New research has revealed a “pressing lack of engagement” among UK high street shop staff, as Britain readies to serve the world at the London Olympics.
Consumers complain of bored and disinterested staff working in high street shops and utilities companies, according to the study among 2,000 consumers by the Institute of Customer Service.
Meanwhile, UK businesses may be missing an opportunity to maximize revenues, as one in four consumers are willing to pay more for their goods and services – on average 5% more – for better service.
The research also reveals the extent to which ‘moments of truth’ – particularly good or bad customer service experiences – stick in the mind of consumers, driving them to spend and recommend, or the opposite.
The Institute measured engagement levels of customer-facing staff by asking consumers to rate service personnel on a range of relevant factors, from the passion, enthusiasm and boredom levels, to the knowledgeability, helpfulness, and sense of pride they display.
Retail and utilities fared worst, with enthusiasm (6.3) and passion for the job (6.2) rated poorly on a scale of one to 10. When asked how bored employees seemed, consumers rated staff in high street retail as 5.7 and utilities companies as 5.1.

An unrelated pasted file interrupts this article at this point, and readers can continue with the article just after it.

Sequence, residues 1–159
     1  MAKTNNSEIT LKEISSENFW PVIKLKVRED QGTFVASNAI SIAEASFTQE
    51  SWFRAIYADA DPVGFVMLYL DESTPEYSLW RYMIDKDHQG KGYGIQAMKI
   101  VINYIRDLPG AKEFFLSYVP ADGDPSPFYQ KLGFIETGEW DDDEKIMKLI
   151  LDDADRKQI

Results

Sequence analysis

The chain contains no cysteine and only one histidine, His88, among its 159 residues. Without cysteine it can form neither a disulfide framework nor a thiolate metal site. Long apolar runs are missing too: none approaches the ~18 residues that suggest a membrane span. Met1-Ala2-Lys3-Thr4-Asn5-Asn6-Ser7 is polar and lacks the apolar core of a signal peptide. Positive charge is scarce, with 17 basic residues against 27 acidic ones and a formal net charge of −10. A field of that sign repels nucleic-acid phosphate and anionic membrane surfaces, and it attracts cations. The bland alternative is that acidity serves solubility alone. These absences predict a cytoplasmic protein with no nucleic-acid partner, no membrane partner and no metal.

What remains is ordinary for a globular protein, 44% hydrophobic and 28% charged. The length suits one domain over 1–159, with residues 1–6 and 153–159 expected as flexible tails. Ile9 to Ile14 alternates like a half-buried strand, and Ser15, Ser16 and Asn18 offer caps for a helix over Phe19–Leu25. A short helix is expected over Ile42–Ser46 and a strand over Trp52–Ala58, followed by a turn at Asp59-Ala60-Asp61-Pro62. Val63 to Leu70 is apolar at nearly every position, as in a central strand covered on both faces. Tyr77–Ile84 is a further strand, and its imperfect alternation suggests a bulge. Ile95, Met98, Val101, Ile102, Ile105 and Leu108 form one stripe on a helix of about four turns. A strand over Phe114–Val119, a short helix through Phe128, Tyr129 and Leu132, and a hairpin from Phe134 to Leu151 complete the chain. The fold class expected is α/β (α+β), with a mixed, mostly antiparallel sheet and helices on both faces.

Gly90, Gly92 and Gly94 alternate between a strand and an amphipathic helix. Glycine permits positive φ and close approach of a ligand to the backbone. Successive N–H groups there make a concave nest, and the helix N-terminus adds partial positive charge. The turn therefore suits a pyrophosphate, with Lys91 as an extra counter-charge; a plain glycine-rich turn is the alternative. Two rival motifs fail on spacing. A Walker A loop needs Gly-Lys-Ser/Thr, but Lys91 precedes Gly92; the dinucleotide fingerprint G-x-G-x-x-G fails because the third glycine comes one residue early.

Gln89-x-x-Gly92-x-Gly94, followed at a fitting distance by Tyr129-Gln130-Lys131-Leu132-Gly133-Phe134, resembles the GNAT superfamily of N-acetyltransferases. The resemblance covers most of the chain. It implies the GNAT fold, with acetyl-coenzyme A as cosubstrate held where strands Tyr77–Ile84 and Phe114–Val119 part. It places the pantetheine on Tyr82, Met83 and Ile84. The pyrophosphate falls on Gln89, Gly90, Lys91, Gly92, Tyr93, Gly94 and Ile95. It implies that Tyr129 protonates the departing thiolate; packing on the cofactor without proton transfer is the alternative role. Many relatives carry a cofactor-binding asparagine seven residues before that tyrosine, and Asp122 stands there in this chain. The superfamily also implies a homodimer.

At the opposite end of the scale, consumers rate banks highly in terms of staff engagement, finding their customer services professionals to be the most friendly (7.8), helpful (7.7) and enthusiastic (7.1).
One in four consumers (24%) would be prepared to pay more for an excellent service experience; on average 5% more, but ranging in some instances to as much as 10%.
Jo Causon, chief executive of the Institute of Customer Service, said: “In this difficult economic environment, service is the critical differentiator for businesses. To make the most of this, companies need to train and motive staff to go the extra mile, while tailoring their service based on a firm understanding of what customers actually want.
“Even in these cost-conscious times, consumers still want the right balance between price and service. Those companies that can encourage staff to create a positive buying experience are more likely to retain customers and reap the financial rewards.”
The research suggests that it is the exceptionally good and bad experiences that customers remember, with these ‘moments of truth’ ultimately driving consumer behaviour.
Source: Institute of Customer Service